Asset And Debt Allocation/Alimony Lawyers

Pursuing Your Property Division Goals

Before your divorce can be finalized, the court will need to approve a settlement or issue a decree dividing your marital property and debts. Figuring out what will happen to your assets can be one of the most stressful parts of a divorce.

At the Kaylor Law Group in Lakeland, Florida, attorney and the rest of our team are dedicated to pursuing the results you deserve. For a free consultation with an aggressive, compassionate divorce lawyer, contact us today.

Understanding The Law Of Equitable Distribution

In Florida, the general rule is that any assets or debts acquired during the marriage are divided 50-50 in divorce. However, there are exceptions. Under the principle of equitable distribution, property and debt division can be adjusted to reflect overall fairness. Common examples include the following.

  • Retirement accounts: If you have acquired money in a 401(k), IRA or other retirement account during your marriage, your spouse may or may not be entitled to a portion of it depending on the circumstances.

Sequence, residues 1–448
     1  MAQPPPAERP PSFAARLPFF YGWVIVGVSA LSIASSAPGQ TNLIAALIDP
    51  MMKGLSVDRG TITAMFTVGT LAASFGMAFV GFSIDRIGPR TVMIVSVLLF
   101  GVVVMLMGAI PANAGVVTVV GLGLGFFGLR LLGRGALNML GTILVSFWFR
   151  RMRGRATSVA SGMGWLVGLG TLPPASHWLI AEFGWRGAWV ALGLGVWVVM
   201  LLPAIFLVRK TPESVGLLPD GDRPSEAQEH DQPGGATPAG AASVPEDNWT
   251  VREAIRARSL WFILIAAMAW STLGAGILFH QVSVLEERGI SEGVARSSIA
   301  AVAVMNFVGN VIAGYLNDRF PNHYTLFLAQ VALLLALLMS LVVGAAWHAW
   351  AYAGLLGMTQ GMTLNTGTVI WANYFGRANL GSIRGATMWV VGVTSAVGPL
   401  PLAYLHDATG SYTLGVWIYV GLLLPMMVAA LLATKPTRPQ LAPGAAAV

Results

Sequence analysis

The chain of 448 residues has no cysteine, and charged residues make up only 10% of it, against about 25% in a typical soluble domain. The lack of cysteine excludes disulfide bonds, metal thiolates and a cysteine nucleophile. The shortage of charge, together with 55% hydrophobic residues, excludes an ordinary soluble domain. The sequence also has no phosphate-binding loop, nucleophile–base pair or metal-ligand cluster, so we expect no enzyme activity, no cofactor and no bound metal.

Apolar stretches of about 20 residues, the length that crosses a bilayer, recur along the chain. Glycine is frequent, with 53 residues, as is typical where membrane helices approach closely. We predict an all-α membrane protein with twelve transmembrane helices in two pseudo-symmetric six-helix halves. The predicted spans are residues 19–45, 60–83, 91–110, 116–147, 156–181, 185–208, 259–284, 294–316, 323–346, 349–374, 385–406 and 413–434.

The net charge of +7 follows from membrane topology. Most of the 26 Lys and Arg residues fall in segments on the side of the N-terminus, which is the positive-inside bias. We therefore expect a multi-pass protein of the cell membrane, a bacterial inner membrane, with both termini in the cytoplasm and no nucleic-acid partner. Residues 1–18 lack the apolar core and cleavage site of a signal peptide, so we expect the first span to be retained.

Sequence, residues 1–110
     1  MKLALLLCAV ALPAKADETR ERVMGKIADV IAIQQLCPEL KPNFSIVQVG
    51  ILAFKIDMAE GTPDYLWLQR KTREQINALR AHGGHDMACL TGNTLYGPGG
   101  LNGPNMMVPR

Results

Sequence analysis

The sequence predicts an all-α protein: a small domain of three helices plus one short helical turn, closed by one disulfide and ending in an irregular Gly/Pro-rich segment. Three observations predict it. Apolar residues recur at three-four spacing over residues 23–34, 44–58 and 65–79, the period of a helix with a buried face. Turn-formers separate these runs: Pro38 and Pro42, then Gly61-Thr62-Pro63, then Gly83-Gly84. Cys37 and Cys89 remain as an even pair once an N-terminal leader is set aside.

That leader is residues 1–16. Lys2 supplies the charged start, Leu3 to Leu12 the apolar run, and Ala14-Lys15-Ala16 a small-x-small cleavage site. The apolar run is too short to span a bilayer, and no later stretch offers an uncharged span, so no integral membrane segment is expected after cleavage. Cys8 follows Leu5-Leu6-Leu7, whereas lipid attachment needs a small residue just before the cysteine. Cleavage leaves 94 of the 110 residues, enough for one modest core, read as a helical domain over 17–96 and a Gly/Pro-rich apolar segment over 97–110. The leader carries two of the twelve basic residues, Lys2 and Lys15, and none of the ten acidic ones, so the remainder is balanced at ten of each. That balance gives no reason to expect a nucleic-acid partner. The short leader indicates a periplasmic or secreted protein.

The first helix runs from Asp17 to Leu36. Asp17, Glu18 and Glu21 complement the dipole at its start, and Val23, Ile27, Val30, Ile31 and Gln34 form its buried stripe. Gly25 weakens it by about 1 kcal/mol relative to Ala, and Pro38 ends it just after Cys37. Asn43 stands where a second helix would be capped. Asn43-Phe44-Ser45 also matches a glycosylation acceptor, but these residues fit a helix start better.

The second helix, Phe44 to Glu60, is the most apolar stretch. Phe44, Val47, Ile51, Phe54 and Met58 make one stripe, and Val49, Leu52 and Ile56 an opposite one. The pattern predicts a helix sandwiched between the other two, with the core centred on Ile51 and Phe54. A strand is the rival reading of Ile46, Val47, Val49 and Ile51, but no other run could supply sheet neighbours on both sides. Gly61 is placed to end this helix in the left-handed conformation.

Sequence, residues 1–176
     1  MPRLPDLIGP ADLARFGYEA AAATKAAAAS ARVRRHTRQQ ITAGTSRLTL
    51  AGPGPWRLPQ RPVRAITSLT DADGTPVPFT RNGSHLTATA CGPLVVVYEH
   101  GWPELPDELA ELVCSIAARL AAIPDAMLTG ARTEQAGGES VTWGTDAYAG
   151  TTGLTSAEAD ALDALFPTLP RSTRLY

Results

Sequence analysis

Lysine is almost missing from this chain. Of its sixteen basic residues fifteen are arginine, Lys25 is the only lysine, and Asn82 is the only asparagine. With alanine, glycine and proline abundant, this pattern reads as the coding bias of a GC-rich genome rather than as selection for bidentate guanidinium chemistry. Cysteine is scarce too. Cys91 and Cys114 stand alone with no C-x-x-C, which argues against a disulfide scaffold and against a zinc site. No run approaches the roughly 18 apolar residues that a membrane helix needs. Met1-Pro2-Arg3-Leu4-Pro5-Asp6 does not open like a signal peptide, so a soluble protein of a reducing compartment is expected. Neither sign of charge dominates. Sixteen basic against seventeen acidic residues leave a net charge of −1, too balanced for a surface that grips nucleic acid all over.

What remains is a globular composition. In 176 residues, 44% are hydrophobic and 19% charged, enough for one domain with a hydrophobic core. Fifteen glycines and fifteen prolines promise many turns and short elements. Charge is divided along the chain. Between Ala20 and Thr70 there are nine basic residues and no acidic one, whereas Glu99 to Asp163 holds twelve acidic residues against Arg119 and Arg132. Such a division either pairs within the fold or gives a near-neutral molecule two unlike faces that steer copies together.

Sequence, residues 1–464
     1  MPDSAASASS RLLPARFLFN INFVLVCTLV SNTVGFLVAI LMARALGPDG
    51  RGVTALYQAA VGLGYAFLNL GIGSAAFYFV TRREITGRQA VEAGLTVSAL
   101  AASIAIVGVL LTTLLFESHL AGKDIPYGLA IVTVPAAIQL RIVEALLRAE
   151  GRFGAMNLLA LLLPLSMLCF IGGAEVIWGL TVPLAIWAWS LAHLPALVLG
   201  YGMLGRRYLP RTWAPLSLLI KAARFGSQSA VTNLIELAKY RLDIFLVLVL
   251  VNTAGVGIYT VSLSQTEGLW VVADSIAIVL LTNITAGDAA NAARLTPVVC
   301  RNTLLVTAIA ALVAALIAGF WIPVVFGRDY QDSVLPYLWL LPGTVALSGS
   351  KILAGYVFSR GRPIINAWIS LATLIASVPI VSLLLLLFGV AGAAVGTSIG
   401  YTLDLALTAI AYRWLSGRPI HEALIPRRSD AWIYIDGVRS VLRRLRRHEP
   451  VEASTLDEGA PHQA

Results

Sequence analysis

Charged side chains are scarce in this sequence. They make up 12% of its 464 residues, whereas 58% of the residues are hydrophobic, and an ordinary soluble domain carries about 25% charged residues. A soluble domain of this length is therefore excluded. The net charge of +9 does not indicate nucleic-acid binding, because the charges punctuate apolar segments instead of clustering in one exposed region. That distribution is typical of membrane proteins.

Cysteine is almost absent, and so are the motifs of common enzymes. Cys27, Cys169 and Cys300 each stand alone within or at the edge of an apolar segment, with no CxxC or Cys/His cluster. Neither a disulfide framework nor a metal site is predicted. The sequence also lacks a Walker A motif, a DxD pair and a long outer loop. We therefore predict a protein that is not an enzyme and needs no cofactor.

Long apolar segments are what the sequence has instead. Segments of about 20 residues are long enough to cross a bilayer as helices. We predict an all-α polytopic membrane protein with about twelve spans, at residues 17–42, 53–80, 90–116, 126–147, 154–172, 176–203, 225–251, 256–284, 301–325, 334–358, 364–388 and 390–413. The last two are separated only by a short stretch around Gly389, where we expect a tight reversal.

• Small businesses: If a business owned by one spouse prior to the marriage has increased in value during the marriage, the other spouse may be entitled to half of the amount by which the value has increased.
  • Debts: If one spouse acquired debts during the marriage and the other spouse had nothing to do with them, he or she may be able to avoid taking responsibility for half of the amount owed.

Even if your assets and debts are divided 50-50, that does not mean that each asset and each debt will be divided exactly in half. For instance, one spouse could be given sole ownership of the family home, and the other spouse could take other assets as compensation.

Will You End Up Paying Or Receiving Alimony?

In addition to property division, the courts also have the authority to grant alimony to one spouse who has become financially dependent on the other during the marriage. When a long-term marriage ends in divorce, alimony can be permanent.

For a shorter-term marriage, temporary alimony — also known as "bridge-the-gap" alimony — may be put in place during the divorce process, or one spouse may get a lump-sum alimony settlement.

Attorney is experienced at helping clients pursue their property division and alimony goals. Contact us today to discuss your options.